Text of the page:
I'm being sued in Chicago by my mother in law for a loan,the promissary note was notarized in Cincinnati im not a frequent vistor to her state but yet i still have to travel to Chicago. Is this legal? How do i fight this im not refusing to repay the loan i just feel its to early according to the promissary note.
Country relating to Question: United States
State (if USA): Ohio
MORE INFORMATION NEEDED.....What was the original amount of the loan?How much does the lender claim to be now due and owing?Does the promissory note provide for interest on the unpaid loan balance? If so, what is the interest rate?What are the terms for repayment as specified in the promissory note?Have all payments due under the terms of the note been paid IN FULL and ON TIME?:Was the Summons and Complaint served on you in Illinois? (There may be a jurisdictional problem if it was note.)
The amount is $5000.00, no there is no interest rate the terms were completion of nursing school and 2 years of secured employment. Which I completed nursing school in 2010 the promissory note was notarized in 2007. I was summoned by certified mail in Cincinnati,Oh. After a payment plan was sent hand written which i agreed on to start in 2013, also the plantiff ask me to respond by mail or she would sue me I responded an she still filled breach of contract.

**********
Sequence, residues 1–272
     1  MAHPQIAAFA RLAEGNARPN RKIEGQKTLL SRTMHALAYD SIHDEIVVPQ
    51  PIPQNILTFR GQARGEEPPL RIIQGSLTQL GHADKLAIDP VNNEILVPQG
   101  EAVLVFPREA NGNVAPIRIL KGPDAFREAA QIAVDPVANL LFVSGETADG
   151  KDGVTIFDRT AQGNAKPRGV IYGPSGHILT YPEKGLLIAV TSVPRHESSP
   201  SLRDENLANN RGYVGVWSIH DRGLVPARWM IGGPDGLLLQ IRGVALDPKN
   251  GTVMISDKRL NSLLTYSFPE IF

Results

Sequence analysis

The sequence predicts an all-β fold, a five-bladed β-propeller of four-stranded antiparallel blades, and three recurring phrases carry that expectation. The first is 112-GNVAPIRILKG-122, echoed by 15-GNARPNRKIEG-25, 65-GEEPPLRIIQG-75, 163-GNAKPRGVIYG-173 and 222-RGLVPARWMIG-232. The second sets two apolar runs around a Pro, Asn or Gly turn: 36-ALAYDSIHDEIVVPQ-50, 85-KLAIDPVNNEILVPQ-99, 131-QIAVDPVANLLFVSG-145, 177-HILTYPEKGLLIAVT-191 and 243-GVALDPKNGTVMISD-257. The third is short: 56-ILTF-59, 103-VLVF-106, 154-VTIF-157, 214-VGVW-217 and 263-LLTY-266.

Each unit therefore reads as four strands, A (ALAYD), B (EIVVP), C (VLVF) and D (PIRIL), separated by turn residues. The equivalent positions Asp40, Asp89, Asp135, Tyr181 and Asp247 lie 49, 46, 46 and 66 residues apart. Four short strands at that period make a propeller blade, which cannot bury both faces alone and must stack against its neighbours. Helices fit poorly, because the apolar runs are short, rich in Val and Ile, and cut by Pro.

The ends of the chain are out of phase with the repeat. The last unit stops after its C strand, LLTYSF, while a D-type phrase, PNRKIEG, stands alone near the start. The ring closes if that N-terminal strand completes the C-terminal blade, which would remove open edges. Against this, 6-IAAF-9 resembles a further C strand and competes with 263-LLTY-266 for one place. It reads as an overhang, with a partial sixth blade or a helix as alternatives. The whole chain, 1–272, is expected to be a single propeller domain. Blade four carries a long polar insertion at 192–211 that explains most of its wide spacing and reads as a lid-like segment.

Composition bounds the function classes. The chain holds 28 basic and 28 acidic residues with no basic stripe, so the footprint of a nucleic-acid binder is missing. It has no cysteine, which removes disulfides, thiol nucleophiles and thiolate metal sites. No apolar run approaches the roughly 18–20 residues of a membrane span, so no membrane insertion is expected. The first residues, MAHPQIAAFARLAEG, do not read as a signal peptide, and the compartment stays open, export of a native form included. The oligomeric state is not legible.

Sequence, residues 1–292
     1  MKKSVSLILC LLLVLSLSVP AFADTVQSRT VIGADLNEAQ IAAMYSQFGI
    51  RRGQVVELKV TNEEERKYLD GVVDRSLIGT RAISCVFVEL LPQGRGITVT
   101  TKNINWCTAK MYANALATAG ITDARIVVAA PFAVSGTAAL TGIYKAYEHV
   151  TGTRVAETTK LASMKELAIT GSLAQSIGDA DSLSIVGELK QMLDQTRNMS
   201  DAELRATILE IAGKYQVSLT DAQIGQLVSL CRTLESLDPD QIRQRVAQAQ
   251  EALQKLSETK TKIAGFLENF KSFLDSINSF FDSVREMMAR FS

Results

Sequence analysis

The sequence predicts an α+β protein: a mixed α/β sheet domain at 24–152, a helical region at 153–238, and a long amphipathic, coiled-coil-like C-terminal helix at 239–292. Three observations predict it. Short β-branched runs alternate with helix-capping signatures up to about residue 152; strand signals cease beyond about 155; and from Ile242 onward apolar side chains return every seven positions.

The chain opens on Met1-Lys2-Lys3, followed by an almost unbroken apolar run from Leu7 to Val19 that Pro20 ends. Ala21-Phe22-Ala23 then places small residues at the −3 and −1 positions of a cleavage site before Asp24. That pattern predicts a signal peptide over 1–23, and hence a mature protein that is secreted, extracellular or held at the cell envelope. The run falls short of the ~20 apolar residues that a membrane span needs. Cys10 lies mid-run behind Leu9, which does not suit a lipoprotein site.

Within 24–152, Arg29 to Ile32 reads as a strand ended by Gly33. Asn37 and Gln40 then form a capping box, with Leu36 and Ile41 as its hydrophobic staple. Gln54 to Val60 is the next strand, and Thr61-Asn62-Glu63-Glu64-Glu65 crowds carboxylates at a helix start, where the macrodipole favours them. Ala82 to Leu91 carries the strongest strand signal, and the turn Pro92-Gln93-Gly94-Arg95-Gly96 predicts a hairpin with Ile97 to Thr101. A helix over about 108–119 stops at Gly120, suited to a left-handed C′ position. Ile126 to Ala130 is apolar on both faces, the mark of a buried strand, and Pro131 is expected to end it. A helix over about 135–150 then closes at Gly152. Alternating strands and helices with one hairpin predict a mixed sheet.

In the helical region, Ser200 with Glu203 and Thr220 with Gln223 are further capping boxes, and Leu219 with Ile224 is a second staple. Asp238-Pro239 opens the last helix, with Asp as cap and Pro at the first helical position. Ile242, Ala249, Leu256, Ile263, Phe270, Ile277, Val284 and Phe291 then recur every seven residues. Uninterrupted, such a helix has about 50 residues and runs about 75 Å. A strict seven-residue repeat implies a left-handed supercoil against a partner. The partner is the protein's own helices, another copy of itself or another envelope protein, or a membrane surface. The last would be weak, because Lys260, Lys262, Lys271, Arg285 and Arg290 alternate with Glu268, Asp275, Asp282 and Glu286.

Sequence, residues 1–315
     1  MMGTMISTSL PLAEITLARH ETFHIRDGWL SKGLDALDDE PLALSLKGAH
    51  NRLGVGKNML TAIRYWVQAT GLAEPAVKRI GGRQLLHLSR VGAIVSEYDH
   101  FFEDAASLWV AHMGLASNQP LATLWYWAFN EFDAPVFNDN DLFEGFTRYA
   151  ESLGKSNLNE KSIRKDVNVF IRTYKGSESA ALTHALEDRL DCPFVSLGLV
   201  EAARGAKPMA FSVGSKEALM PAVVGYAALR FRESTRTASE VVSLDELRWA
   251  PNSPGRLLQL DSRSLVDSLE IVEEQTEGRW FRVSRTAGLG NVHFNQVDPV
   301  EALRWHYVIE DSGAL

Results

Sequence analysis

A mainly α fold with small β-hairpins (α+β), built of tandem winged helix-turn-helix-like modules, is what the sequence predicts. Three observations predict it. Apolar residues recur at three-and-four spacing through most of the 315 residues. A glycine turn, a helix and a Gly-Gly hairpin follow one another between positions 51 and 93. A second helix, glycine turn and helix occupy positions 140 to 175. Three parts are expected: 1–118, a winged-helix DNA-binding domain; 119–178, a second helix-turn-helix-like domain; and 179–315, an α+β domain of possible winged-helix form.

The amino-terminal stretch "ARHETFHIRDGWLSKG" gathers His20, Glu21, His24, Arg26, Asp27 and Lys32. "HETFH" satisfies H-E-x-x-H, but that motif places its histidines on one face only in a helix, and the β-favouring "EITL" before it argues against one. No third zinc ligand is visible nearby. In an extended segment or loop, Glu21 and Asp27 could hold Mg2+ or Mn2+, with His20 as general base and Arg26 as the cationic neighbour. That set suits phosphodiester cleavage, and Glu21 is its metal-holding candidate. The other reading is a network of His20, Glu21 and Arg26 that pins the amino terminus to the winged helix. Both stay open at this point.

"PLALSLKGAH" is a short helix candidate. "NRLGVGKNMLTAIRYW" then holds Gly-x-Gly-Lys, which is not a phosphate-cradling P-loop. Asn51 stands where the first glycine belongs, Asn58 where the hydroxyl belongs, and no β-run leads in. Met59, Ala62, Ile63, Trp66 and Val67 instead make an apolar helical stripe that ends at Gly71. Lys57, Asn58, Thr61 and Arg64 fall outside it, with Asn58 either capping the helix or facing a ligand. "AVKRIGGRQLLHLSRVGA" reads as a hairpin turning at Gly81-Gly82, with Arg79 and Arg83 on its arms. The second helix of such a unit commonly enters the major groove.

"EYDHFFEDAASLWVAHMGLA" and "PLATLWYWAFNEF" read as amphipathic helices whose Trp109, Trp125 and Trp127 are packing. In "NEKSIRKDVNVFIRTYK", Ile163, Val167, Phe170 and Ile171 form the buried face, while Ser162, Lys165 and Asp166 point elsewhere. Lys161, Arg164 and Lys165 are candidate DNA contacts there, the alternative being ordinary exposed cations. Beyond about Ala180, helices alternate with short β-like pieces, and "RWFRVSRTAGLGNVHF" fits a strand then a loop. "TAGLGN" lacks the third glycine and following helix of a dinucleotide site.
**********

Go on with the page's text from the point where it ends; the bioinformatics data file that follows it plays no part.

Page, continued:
OPTING OUT....Your situation calls for case-specific analysis and legal advice, rather than simply general legal information. You need to confer directly with an Illinois lawyer who specializes in defending creditor-debtor lawsuit. lt would be unfair to you, and unprofessional of me, were I to do that through this website. I hope you understand.
Relist: Inaccurate answer.
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I'm being sued in Chicago by my mother in law for a loan,the promissary note was notarized in Cincinnati OK, this may mean that your contract was executed in OH.
im not a frequent vistor to her state but yet i still have to travel to Chicago. Is this legal? Legal, yes. However, when we believe that the court the case was filed in does not have personal jurisdiction over us, we can file a motion to dismiss based on lack of personal jurisdiction. You may want to delve into that possibility.
How do i fight this Amongst any other defenses you may have, 1) seeking a Dismissal based on lack of PD, as noted above and/or 2) Showing that the breach has not yet occurred. You may be able to file a motion for Summary Judgement (should the dismissal not be successful) on the issue of breach, which is necessary for her to win, and which her evidence, the contract, disputes.
im not refusing to repay the loan That is good.
i just feel its to early according to the promissary note.Yes, you are saying you did not breach. That is a valid defense on the merits.
Optional Information: Country relating to Question: United States State (if USA): Ohio
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